Fiat Chrysler issues recall of 1.4m vehicles following Jeep hack demo

Auto-firm announces software patch via USB stick

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Fiat Chrysler issues recall of 1.4m vehicles following Jeep hack demo The remedy offered to customers by FCA is a software patch, administered via USB stick.
By  Stephen McBride Published  July 26, 2015

Italian-American auto-giant Fiat Chrysler (FCA) has issued a recall on 1.4m vehicles after two US hackers last week demonstrated a zero-day exploit in a 2013 Jeep Cherokee that allowed them to drive the vehicle into a ditch.

US roads regulator, the National Highway Traffic Safety Administration (NHTSA), reported the recall on its website on Thursday, naming a number of FCA models dated between 2013 and 2015, including the Jeep Grand Cherokee, Cherokee, Dodge Charger, Dodge Challenger, Dodge Durango and Dodge Viper.

According to Wired journalist Andy Greenberg, who was behind the wheel of the Jeep during the exploit demo, hackers Charlie Miller and Chris Valasek accessed the vehicle's "dashboard functions, steering, brakes, and transmission" while sitting in Miller's house 10 miles away. The pair were able to force the vehicle off the road by cutting control of the brakes.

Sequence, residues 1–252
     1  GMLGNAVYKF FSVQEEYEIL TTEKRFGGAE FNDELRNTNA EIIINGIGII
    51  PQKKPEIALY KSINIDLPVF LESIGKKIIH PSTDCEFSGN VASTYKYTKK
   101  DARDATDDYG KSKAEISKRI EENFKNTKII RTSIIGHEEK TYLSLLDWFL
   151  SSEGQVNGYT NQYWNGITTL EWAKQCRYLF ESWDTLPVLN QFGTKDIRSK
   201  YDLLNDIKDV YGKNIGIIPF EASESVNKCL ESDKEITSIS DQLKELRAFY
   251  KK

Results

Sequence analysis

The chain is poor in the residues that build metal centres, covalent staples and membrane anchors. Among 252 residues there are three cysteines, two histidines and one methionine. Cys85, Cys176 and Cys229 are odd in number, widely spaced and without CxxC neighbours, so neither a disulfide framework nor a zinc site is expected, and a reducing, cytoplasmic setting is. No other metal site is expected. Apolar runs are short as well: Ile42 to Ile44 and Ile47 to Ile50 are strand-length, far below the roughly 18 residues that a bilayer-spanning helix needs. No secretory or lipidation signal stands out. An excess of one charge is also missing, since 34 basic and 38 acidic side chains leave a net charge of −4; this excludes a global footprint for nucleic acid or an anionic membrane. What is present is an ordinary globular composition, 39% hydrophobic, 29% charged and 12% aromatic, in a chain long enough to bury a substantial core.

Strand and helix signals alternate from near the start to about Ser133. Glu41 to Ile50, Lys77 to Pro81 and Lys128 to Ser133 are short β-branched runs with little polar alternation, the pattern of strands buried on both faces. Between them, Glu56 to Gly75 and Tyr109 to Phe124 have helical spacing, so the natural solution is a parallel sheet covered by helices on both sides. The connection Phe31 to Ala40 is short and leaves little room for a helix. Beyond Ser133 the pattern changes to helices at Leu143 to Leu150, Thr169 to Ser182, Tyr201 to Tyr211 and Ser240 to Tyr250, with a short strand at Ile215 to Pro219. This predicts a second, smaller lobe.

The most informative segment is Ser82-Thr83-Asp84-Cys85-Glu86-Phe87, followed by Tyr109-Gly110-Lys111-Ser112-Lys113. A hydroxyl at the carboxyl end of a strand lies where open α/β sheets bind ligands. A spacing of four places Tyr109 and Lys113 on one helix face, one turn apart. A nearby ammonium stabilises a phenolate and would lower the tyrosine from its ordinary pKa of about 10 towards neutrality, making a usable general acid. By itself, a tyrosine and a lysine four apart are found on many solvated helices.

"The affected vehicles are equipped with radios that have software vulnerabilities that can allow third-party access to certain networked vehicle control systems," the NHTSA confirmed in its recall post.

"Chrysler has had the wireless service provider close the open cellular connection to the vehicle that provided unauthorised access to the vehicle network," the regulator added, while pointing out that "the measure may not have been implemented on all vehicles and does not address access by other means".

The remedy offered to customers by FCA is a software patch, administered via USB stick. Customers can opt to have the stick mailed to them, or download the fix from http://www.driveuconnect.com/software-update/. Alternatively, they can take the car in to a service centre. FCA's code for the recall is R40.

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